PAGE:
5 Ways to Help Babies Arrive Healthy
Getting routine dental care is one action pregnant women can take to improve the chances that their infant will be born healthy, Merrilee Gober writes in Georgia Health News. She cites findings by Aetna that among one group of patients the preterm-birth rate was 42 percent higher and the low-birth-weight rate was 33 percent higher for babies of women who did not receive dental treatment during pregnancy compared with babies of women who did. Gober notes that among U.S. states, Georgia has high rates of both infant mortality and low birth weight. Premature and low birth weight babies are also more likely to face other challenges later in life. “They are at higher risk of lifelong conditions such as asthma and high blood pressure,” she writes. “They are also at greater risk of having lower IQs, attaining less education and earning less than their peers.” Gober has both nursing and law degrees and is a board member of the Medical Association of Georgia Alliance and the Healthy Mothers, Healthy Babies Coalition of Georgia. She offers four other suggestions for improving babies’ chances: maternal influenza vaccinations, Tdap vaccines early in the third trimester, more help to quit smoking and stepped-up efforts to encourage breastfeeding.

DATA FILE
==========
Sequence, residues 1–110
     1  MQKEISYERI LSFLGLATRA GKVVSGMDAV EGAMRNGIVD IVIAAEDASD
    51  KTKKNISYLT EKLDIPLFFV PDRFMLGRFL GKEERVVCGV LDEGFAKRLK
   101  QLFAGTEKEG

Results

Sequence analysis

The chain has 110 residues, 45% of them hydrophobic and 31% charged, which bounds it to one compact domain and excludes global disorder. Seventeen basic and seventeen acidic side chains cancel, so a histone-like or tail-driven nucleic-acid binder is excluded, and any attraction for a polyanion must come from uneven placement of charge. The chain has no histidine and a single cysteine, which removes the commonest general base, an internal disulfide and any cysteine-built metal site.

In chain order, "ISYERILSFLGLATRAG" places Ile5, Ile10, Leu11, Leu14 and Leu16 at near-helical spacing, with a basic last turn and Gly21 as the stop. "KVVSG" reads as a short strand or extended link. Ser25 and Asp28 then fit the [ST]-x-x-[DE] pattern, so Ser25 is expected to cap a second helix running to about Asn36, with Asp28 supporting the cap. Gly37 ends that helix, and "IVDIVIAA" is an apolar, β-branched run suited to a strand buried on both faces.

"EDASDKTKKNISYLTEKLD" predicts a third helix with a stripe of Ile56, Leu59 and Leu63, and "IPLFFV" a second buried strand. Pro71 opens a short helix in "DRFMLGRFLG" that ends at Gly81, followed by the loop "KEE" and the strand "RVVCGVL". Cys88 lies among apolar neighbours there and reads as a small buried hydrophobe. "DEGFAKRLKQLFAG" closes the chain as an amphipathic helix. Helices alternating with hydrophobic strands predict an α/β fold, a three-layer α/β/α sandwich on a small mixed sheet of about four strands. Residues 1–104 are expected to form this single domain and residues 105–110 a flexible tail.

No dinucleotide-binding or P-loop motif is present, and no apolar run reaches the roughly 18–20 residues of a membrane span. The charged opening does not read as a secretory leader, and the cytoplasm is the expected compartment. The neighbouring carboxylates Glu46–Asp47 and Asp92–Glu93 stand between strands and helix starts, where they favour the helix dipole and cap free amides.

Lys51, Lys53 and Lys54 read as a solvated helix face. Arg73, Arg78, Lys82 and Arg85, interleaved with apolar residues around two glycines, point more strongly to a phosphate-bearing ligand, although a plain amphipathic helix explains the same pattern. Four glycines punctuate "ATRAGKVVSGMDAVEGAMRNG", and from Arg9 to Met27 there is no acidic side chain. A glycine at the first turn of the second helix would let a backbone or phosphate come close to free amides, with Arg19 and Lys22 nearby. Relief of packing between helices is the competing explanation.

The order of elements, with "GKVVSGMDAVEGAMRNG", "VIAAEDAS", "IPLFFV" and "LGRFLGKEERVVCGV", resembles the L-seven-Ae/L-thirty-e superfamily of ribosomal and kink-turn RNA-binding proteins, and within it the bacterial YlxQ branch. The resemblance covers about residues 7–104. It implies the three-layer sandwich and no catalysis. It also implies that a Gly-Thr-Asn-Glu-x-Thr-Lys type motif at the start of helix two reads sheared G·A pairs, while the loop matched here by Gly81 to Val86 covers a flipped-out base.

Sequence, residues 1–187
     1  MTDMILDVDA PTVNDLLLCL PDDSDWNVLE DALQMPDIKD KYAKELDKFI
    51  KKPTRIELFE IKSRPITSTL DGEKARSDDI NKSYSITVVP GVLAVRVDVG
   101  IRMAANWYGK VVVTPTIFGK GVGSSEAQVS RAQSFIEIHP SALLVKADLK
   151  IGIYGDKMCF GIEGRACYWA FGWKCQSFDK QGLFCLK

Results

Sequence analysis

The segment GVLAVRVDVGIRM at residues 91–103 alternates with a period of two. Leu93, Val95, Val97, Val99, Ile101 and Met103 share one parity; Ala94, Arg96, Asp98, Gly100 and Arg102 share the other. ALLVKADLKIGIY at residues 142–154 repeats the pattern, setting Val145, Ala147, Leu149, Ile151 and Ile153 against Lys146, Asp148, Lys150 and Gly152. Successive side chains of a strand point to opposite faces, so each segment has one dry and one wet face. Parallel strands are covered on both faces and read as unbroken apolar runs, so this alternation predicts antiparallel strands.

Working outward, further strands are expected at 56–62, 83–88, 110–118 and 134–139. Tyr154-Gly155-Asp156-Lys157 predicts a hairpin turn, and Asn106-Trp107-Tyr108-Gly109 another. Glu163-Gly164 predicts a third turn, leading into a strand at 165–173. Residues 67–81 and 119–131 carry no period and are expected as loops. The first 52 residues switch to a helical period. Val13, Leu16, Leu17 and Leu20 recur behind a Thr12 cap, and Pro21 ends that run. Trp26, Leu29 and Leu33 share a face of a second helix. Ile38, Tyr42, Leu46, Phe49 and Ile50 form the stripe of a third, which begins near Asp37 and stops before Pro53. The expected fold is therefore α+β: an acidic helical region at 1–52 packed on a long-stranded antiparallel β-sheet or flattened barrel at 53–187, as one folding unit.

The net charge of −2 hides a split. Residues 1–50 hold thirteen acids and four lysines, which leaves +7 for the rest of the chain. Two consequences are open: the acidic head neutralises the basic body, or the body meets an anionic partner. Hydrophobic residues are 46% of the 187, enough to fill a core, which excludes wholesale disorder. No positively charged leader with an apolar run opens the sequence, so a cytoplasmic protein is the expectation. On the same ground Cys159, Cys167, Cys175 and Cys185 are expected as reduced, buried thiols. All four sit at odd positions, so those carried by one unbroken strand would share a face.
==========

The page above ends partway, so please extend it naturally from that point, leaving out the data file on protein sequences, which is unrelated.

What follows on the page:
Are Americans ‘Clueless’ About Obesity?
Just 50 percent of patients with obesity perceive themselves as obese, and only 54 percent think weight could affect a person’s health “a lot” or an “extreme amount,” according to a survey called ACTION — Awareness Care and Treatment in Obesity Management. What’s more, Melissa Healy reports in the Los Angeles Times, as many as 20 percent of physicians surveyed do not believe obesity is a disease and “only 72 percent say they have a responsibility to actively contribute to their patients’ weight loss.” Among obese patients who had spoken to their doctors about their weight in the previous six months, a mere 26 percent had committed to a weight-loss plan. Healy asserts that “the new poll paints a picture of obese adults who are clueless or feel utterly on their own when it comes to losing weight.”